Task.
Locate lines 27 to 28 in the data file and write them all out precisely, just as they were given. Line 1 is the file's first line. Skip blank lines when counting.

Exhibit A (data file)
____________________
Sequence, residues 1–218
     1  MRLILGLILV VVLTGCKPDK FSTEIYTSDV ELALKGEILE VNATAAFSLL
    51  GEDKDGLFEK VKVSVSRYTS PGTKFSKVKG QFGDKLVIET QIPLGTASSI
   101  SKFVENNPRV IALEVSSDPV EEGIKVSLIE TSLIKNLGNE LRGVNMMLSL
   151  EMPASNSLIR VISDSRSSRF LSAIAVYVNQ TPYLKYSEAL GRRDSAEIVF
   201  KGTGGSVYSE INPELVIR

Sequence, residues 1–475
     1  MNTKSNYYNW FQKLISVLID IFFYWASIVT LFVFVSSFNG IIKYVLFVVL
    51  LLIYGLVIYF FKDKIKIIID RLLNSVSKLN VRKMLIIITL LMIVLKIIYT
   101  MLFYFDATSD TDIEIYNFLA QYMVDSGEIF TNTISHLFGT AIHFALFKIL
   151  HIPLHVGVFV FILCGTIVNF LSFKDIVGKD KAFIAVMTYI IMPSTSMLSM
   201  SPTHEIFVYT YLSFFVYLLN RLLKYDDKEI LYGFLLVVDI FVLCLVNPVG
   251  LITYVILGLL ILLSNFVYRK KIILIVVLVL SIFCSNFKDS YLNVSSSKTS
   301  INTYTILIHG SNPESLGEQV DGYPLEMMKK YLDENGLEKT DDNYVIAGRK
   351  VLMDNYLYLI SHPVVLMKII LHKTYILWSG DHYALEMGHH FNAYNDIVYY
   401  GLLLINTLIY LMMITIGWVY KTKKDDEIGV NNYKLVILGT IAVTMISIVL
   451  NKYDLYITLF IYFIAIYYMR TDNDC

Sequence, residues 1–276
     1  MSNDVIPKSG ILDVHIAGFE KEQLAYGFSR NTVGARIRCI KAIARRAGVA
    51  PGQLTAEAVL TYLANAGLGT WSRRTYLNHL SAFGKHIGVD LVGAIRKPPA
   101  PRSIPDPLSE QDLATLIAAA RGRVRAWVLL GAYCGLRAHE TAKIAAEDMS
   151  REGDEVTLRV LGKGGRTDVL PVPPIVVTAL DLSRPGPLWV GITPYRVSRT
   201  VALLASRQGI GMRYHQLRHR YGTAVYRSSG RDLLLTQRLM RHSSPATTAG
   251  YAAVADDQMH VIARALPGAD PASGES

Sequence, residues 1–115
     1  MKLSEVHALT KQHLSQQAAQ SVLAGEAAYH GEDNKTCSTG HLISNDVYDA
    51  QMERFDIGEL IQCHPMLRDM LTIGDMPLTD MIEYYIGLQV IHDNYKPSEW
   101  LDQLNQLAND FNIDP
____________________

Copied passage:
    51  QMERFDIGEL IQCHPMLRDM LTIGDMPLTD MIEYYIGLQV IHDNYKPSEW
   101  LDQLNQLAND FNIDP